40 Years on – Columbans remember Chile's Coup

18th September 2013 - by Ellen Teague

chiledisappeared
Women marching outside Santiago’s cathedral in 1984 to bring attention to their relatives who disappeared during Pinochet’s regime. Their signs read ¿Donde estan? (“Where are they?”)
Find out more about our work on:

The fourtieth anniversary of the military coup in Chile that overthrew the democratic government of President Salvador Allende on 11th September 1973 was charged with memories, sentiments of disbelief, forgiveness, and reconciliation.

There was a renewed cry from the families of the disappeared who still struggle to find out what happened to their loved ones and who was responsible for their disappearance. Also, the anniversary was an attempt to build up confidence in the civil and political institutions that have long being scarred by the events of the past.

Since the beginning of the month several television stations screened unedited film material that has been retrieved from the archives that brought to light pictorial evidence of torture, unlawful detentions and repression. This was a different anniversary from any other as it captured the consciences of the people, who felt they could now address the events of the past openly and without fear.

We Columbans remembered and called to mind the memory of the 40th anniversary and the seventeen years of military dictatorship that we lived through both in our parish celebrations and our participation in the events that marked this significant event in the recent history of Chile.
An ecumenical service – organised by the Columban Justice, Peace and Integrity of Creation Office, the ecumenical coalition and religious congregations – took place on the evening of 11th September in the Franciscan Church in Santiago’s city centre. Several hundred people participated, among whom were priests, religious sisters and lay people well known for their defence of human rights and condemnation of torture. There was also a notable presence of young people, especially seminarians from religious congregations, and many people from other Latin American countries. After the service, a man in his late 50s approached a Columban and expressed his thanks, he said, “I want to thank you Columbans for saving my life and many of my comrades, you opened your doors to the MIR (Movimiento Izquerda Revolucionaria) in Barancas, San Antonio and we have never forgotten that; you saved us from torture and possible death, you had patience with us while others were organising ways to get us out of the country” and the man bent down and wept.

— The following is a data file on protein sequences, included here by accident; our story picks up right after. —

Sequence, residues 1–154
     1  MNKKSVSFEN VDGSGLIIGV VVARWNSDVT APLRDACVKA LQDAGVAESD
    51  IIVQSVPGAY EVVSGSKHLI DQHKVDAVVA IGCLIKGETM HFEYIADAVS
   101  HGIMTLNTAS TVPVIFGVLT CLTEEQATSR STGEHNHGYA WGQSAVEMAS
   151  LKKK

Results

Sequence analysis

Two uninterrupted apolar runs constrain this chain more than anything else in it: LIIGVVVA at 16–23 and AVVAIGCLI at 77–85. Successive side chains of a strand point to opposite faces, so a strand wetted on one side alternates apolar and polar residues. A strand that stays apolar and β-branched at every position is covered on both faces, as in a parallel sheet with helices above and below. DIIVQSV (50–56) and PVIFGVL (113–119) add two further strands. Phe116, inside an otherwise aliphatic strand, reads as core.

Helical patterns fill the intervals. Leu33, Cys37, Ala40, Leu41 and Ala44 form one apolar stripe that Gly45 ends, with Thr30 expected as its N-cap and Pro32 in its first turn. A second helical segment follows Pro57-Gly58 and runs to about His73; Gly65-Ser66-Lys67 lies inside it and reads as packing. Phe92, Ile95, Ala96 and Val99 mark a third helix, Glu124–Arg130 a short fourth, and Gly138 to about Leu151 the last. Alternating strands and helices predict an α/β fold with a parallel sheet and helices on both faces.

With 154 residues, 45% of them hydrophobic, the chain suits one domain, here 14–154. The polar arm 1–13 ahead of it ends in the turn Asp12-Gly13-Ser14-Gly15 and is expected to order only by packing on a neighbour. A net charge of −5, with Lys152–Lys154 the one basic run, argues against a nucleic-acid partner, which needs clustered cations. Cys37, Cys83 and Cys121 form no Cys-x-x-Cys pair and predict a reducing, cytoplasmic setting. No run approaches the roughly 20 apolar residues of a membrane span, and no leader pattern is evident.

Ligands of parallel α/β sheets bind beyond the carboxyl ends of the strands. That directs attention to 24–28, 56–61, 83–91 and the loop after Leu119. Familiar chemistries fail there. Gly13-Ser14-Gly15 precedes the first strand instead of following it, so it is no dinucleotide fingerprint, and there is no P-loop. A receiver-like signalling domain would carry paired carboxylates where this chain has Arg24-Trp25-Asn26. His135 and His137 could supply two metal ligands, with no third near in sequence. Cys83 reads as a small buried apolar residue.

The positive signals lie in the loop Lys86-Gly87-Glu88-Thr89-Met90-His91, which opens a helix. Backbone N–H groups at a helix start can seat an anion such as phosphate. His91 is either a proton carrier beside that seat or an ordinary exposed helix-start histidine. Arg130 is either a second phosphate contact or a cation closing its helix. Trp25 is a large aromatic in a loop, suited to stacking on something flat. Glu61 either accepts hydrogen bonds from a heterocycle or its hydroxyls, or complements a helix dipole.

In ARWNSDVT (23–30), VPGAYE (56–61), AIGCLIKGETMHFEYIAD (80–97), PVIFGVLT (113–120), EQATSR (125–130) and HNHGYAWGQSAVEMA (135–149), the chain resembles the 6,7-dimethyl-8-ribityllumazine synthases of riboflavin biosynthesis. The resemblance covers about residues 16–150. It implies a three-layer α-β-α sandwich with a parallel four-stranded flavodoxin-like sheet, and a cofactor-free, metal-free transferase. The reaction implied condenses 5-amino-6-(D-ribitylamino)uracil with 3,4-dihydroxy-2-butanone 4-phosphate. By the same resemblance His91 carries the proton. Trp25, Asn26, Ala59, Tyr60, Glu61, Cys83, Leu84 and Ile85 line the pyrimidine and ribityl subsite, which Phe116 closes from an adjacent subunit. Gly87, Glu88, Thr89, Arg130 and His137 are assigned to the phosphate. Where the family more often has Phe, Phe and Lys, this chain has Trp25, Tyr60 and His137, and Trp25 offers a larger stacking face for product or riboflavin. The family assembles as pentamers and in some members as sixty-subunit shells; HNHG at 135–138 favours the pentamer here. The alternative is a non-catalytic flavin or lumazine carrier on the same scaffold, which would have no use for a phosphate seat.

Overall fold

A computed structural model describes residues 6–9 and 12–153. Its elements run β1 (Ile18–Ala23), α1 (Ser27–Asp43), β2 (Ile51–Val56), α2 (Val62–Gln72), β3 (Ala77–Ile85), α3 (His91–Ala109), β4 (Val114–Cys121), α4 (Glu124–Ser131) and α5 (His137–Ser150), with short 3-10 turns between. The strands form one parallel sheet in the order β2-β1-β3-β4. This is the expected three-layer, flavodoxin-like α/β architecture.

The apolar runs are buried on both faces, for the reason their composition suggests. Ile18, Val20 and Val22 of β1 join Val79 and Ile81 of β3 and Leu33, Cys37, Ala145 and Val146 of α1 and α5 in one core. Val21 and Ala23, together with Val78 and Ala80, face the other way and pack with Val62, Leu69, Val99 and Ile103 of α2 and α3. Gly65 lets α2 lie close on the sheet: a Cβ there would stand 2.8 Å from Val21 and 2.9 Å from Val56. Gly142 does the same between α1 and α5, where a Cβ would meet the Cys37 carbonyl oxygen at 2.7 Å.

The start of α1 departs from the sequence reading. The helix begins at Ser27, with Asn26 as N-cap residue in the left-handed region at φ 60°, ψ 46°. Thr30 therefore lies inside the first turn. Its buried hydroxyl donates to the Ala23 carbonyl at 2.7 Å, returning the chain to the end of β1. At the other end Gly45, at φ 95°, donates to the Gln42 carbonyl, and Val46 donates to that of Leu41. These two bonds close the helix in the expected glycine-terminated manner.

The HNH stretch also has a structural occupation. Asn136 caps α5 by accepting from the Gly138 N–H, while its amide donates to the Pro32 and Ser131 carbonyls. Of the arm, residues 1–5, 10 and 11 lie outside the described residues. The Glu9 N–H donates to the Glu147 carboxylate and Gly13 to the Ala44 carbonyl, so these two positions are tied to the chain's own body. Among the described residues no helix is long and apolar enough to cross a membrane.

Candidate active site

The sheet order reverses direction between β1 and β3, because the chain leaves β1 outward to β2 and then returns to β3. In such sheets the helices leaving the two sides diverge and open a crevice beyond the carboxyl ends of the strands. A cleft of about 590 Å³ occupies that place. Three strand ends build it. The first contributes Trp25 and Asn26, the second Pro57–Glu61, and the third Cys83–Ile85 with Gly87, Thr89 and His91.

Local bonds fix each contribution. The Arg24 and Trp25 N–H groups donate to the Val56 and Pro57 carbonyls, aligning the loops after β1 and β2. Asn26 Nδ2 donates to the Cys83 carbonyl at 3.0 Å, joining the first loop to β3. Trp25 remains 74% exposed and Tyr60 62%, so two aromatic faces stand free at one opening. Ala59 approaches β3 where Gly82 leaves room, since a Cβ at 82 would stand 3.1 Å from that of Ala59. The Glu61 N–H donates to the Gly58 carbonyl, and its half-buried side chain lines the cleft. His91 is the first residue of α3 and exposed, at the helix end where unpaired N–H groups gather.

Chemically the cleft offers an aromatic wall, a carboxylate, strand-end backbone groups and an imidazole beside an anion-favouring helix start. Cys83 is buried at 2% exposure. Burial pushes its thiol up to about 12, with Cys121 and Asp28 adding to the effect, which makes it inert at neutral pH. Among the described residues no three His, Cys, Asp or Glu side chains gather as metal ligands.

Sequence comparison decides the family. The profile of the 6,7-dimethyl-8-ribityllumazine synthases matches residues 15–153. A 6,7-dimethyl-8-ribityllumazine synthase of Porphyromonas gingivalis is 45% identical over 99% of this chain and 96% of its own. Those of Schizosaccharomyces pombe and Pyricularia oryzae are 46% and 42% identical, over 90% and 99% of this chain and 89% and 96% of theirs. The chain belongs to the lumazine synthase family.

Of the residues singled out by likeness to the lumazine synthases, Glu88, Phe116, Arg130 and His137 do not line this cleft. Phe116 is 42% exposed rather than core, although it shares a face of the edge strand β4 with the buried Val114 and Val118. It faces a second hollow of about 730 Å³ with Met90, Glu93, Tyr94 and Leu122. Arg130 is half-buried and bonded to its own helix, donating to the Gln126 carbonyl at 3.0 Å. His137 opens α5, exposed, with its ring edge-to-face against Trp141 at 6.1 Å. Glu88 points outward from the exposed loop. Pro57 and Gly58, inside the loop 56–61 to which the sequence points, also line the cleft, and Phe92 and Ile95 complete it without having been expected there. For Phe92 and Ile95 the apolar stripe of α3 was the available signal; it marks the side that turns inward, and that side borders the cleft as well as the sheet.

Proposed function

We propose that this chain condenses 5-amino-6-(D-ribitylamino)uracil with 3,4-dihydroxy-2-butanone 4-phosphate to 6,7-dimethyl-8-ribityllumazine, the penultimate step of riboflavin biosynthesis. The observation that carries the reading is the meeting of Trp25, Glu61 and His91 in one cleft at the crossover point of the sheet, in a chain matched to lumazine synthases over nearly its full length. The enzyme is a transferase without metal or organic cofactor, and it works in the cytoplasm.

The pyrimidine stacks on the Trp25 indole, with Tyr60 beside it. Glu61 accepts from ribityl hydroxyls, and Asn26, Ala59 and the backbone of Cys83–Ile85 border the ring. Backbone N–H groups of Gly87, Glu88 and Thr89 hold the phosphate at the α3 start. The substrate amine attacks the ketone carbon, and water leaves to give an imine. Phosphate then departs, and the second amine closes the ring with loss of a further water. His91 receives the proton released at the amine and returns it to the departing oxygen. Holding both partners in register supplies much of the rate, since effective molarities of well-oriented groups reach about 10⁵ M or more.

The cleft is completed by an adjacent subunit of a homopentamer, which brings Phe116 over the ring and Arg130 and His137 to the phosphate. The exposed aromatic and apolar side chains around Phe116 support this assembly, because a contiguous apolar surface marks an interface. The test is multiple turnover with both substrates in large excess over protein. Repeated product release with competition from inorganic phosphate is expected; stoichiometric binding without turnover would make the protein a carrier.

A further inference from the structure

After the ecumenical service our co-workers in the Mission Center went around the corner to Londres no.38, which was a house of torture in the days following the military coup and for several years afterwards. There we joined the group in silence as flowers and candles were placed in memory of the dead and disappeared.

Justice and Peace was at the heart of Columban ministry and pastoral work throughout the seventies and eighties, and remains so. We were known to be on the side of the poor and the victims of the military regime, and a voice for justice and Human Rights throughout the years of the military dictatorship. Along with the Columban priests and sisters, a significant number of the Columban group in Chile was made up of Associate priests from dioceses in Ireland, USA, England, Scotland, Australia and New Zealand. Later, there were lay missionaries who also moulded themselves into the Columaban way of life in solidarity with the poor and victims of injustices.

We coordinated our efforts with the Vicariate of Solidarity, which was set up by the then Cardinal Archbishop of Santiago, Raúl Silva Henriquez. Throughout the 17 years of military dictatorship we provided soup kitchens (comedores), shared meals (olla communes) and cooperate buying (comprando juntos) in all four Columban parishes and communities. Today we continue to provide this service for elderly people and university students in some of our parishes. We participated actively in the monthly meeting of the Pastoral Obrera (workers vicariate), which dwelt on an analysis of the reality we were living under the military dictatorship and our response to situations in our parishes and communities.